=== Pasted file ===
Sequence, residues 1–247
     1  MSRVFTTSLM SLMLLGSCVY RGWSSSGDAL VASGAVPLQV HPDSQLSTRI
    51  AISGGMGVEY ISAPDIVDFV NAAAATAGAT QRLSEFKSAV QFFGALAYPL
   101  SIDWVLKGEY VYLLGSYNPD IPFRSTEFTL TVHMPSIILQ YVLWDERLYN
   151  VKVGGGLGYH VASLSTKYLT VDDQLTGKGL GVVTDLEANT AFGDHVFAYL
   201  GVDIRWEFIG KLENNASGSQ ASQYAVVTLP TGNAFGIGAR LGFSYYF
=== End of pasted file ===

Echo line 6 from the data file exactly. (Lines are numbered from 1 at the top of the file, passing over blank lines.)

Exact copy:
   201  GVDIRWEFIG KLENNASGSQ ASQYAVVTLP TGNAFGIGAR LGFSYYF